Swedish police rules out sabotage angle in derailing accidents


“That is something we already now can rule out based on the information we have got from the [Swedish] Accident Investigation Authority,” says Per-Olov Andersson with the police department for serious crimes to Swedish Radio’s P4 Norrbotten.

He says it is routine for the police to initiate investigations every time serious accidents happens.

Speculations about possible sabotage came after two derailments earlier in the winter, ahead of NATO’s large-scale exercise Nordic Response. The railway from the Norwegian port of Narvik to northern Sweden is strategic infrastructure for reinforcement of allied military hardware in case of war-like conflicts.

It was on February 24 an empty iron ore train en route back to Kiruna from Narvik derailed at Vassijaure.

The Accident Investigation Authority has now published its intermediate fact-findings.

The report tells that the train, with 68 wagons, had stopped waiting for snow removal ahead at Vassijaure station.

“The train made limited movements towards the stop signal. The weather was windy and the temperature around zero degrees. During the slow movements that took place through a left curve, some wheels appear to have derailed to the left. During the continued journey, which lasted approximately 1.5 kilometres, sleepers and a catenary pole were damaged. There was also damage to the switch leading into Vassijaure station,” the findings read.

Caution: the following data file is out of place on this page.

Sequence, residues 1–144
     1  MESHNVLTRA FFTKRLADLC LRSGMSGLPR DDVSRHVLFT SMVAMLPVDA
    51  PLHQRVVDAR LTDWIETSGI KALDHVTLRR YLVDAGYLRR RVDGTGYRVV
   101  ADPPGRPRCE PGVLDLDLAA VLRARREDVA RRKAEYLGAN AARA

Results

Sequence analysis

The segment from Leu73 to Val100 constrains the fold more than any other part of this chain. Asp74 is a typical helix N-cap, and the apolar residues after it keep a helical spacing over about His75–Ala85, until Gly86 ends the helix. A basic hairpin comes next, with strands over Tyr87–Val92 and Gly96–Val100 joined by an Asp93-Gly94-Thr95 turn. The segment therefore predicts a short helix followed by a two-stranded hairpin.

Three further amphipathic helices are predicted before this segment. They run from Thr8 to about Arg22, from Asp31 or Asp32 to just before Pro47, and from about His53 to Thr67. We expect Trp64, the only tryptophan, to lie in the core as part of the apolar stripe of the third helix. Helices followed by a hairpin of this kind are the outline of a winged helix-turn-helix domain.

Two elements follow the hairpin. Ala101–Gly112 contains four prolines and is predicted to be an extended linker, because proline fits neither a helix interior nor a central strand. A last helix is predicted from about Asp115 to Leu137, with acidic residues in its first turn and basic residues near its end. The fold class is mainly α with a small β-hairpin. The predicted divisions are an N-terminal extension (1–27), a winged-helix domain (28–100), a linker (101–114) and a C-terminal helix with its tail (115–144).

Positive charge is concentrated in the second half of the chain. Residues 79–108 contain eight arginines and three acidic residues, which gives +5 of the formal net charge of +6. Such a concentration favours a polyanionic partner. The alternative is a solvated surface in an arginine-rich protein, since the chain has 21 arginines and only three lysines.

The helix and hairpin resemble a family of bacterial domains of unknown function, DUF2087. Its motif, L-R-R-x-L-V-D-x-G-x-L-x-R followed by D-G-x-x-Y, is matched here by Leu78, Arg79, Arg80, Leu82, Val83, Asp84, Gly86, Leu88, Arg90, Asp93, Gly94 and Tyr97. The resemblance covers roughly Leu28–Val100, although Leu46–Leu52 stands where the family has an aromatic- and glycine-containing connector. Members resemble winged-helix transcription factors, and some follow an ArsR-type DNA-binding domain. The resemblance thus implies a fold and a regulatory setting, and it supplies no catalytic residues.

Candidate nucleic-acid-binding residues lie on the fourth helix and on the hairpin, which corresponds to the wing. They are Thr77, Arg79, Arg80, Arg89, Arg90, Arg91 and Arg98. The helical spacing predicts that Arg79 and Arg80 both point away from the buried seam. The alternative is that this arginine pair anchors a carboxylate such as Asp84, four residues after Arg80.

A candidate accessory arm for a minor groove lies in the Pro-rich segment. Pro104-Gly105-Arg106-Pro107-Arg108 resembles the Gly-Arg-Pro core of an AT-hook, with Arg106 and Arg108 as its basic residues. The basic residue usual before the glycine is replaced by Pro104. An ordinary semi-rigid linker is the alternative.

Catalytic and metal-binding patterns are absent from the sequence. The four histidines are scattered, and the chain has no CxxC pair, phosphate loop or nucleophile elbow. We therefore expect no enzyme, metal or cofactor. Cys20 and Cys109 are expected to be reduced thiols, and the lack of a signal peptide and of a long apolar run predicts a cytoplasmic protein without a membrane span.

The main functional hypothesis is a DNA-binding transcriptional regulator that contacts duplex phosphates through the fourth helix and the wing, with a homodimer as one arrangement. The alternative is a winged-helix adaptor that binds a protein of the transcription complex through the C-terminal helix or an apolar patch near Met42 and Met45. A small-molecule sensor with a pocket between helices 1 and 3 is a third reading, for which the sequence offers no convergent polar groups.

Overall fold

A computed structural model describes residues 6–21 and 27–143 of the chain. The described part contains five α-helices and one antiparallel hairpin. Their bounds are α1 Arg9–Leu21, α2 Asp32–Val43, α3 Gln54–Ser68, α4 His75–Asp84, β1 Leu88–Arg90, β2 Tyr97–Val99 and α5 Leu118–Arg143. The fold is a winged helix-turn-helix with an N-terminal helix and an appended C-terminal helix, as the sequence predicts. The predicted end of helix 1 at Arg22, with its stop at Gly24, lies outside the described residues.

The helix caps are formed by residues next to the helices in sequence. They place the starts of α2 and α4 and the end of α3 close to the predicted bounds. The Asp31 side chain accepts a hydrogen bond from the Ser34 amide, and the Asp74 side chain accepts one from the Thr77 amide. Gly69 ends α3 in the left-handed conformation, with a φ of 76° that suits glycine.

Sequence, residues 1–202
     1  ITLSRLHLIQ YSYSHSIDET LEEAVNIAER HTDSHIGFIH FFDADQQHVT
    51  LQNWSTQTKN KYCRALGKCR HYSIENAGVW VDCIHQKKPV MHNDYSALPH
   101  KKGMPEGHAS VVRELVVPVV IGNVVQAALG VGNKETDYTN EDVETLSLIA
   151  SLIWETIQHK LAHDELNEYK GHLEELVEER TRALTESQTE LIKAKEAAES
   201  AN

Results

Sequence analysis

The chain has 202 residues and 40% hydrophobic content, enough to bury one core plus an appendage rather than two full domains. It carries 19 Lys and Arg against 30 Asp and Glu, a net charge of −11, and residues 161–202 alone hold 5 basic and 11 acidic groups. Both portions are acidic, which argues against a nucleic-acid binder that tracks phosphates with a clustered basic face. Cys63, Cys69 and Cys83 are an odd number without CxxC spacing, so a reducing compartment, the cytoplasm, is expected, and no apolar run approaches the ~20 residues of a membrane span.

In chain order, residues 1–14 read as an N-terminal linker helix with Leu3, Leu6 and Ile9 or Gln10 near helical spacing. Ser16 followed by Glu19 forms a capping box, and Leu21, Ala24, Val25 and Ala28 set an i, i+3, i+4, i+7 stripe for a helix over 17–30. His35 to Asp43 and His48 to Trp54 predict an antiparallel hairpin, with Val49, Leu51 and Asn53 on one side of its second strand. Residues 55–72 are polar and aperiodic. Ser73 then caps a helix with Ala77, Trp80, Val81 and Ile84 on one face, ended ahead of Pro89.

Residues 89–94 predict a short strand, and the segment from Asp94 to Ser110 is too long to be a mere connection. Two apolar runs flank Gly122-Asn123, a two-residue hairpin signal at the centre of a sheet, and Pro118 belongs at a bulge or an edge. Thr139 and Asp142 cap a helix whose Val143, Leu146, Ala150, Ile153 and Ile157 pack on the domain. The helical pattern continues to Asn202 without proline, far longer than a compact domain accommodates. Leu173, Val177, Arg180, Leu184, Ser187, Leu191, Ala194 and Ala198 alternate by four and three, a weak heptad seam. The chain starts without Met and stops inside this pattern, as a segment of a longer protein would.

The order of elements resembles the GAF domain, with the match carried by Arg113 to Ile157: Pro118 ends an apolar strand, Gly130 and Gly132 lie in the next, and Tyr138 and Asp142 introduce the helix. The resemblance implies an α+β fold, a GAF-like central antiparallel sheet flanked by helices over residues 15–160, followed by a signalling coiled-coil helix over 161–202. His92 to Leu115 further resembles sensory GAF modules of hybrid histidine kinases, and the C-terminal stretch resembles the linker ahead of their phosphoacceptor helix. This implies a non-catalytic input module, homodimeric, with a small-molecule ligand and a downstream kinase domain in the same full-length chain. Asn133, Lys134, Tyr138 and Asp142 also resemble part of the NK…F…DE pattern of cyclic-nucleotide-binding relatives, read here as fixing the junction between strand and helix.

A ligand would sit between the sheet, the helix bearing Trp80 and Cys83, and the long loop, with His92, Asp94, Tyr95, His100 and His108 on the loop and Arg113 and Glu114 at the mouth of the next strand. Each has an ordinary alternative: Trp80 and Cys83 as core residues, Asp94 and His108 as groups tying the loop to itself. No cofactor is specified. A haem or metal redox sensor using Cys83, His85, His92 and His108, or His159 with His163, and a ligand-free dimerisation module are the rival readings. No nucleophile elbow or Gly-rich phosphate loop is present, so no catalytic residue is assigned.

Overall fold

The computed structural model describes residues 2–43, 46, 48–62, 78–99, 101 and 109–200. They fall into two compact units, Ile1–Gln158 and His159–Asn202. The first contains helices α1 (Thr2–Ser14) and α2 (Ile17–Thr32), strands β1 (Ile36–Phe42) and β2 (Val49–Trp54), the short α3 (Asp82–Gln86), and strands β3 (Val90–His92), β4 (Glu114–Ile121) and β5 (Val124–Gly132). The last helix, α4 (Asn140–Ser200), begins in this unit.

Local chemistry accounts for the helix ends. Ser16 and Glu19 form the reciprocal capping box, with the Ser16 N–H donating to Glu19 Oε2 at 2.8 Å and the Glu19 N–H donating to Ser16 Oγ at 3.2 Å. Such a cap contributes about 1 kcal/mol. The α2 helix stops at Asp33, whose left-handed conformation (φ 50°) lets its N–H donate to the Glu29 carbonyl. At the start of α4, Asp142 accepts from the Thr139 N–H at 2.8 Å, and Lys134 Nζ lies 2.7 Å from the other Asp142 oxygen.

At the station, the derailed axles passed on to the platform and this worsened the derailment and pushed several wagons off the track and then the train made an emergency break.

Seven wagons derailed. As this was mid-winter with continuous bad weather, it took nearly two weeks to repair and get the iron ore trains back in traffic.


Another iron ore train derailed near Vassijaure station on December 17, 2023. All train traffic north of Kiruna was cancelled for nearly two months. Photo: Swedish Transport Administration

Big losses 

LKAB is Europe’s largest iron-ore miner, and the company depends on shipments via the Norwegian port of Narvik.

Logistic manager Linda Bjurholt with LKAB at the time said revenue losses for the mining company were about SEK 100 million [€8,8 million] a day.

Normally, LKAB sends ten full-loaded trains a day to the port in Narvik for shipments to the European market. That counts for about two-thirds of LKAB’s deliveries. The southern rail, to the port of Luleå, continues with four to five trains each day, but there is no capacity to compensate for what is shipped via Narvik, the mining company informed.


LKAB port facilities in Narvik. Photo: Thomas Nilsen